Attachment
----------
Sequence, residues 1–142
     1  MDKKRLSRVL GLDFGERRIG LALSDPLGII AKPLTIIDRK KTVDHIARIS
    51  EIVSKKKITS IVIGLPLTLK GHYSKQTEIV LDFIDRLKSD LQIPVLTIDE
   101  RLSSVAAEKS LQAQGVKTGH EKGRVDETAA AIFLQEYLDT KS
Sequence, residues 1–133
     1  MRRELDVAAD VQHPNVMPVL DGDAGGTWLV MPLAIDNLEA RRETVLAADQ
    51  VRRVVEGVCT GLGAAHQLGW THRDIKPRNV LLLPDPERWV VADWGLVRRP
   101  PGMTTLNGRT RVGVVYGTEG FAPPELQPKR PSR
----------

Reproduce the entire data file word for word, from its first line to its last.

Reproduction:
Sequence, residues 1–142
     1  MDKKRLSRVL GLDFGERRIG LALSDPLGII AKPLTIIDRK KTVDHIARIS
    51  EIVSKKKITS IVIGLPLTLK GHYSKQTEIV LDFIDRLKSD LQIPVLTIDE
   101  RLSSVAAEKS LQAQGVKTGH EKGRVDETAA AIFLQEYLDT KS
Sequence, residues 1–133
     1  MRRELDVAAD VQHPNVMPVL DGDAGGTWLV MPLAIDNLEA RRETVLAADQ
    51  VRRVVEGVCT GLGAAHQLGW THRDIKPRNV LLLPDPERWV VADWGLVRRP
   101  PGMTTLNGRT RVGVVYGTEG FAPPELQPKR PSR